Every year she taught kindergarten she included a trip to that farm in McDonough, Georgia so that “her children” could witness the interaction of farmer and crop and cows and chickens.  The cows’ manure fertilized the soil that yielded the crops.  It was all organic and interactive.  Every year, she would have her five-year-olds plant a garden in their classroom.  She would gleefully remark how they would become mesmerized when they would see something that they had planted in the soil begin to grow.  “Their eyes just light up at the first sight of the smallest bud,” she would say.  For me, the strongest memory was her garden at our house and her household plants.

Each year she grew tomatoes, cabbage, collards, and squash on a strip of land in our backyard.  I also recall one year she grew the hottest jalapeño peppers ever grown in the history of humankind—I remember it well; I ate one of those peppers and needed a couple of pitchers of ice water to cool the heat.  Then there was her endless sea of green plants that lined our porch and windowsills.  She often noted that the tomatoes might not grow as big as you wished, but if you nurtured those seeds, you would still get tomatoes.  This was her lesson to her kindergarteners and to me: you always get something back if you plant something and nurture it.

Mama’s gardens and farming adventures were lessons in sheer creativity.  In these activities were a science lesson, another lesson that taught respect for animals’ contributions to our welfare and an appreciation for our natural environment, a lesson in how any one of us who had patience could nurture a plant from a seed or seedling to full bloom.  Even further, when I think of how many people never want to revisit their childhoods, I am comforted.  Mama found beauty, resilience, and lifelong lessons in her own childhood, a childhood that she spent helping her parents and grandparents tend to plants and animals on the old family farm.  Her students got a chance to share in a part of her upbringing.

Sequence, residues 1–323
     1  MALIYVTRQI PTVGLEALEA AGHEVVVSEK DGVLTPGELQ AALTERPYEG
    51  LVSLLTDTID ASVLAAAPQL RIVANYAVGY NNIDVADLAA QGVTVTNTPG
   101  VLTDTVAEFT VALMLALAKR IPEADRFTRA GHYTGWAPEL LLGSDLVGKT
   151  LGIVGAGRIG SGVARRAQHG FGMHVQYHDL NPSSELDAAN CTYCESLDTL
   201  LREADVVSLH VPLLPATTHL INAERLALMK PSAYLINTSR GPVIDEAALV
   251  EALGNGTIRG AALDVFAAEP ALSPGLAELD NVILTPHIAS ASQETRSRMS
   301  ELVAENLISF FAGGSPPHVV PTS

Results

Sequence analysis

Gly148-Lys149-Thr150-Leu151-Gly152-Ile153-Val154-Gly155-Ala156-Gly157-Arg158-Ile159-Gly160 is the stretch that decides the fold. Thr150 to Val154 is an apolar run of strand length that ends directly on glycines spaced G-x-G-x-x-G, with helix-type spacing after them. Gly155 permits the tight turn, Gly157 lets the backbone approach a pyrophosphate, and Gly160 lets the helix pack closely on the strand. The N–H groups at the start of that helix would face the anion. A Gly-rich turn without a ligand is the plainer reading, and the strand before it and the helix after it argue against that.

On a nearly cloudless, sunny day in February of 2013, Mama had six pallbearers: one was a dear cousin, another was a family friend, and four were her former kindergarteners.  These six dignified, hardworking, respectable, responsible, and well-educated Black men—all now over the age of forty—donned white gloves, and hoisted Mama’s coffin and took her to her final place of rest in the soil—soil she respected.   Proudly, I watched them, as I am sure she did.  And then I thought, “If you plant it in the earth, give it just enough sunlight, just enough water, and just enough nurturing, it will yield something.”

Copyright © 2013 by Leslye Joy Allen. All Rights Reserved.

Leslye Joy Allen is proud to support the good work of Clean Green Nation.  Visit the website to learn more about it: Gregory at Clean Green Nation!

Creative Commons License This Blog was written by Leslye Joy Allen and is protected by U. S. Copyright Law and licensed under a Creative Commons Attribution-NonCommercial-NoDerivs 3.0 Unported License.  Any partial or total reference to this blog, or any total or partial excerpt of this blog must contain a direct reference to this hyperlink: http://leslyejoyallen.com with Leslye Joy Allen clearly stated as the author.

12 Lessons…

…I Learned from My Parents and a Few Great Teachers (Some old advice worth repeating)

by Leslye “Joy” Allen                                                                                                            Historian, Educator, Theatre and Jazz Advocate & Consultant, Doctoral Student

Copyright © 2012 by Leslye Joy Allen. All Rights Reserved.

  1. BE PREPARED TO BURN THE MIDNIGHT OIL.  If you rush and get something done in ten minutes, there are probably ten errors in it.  Take your time and do it right the first time.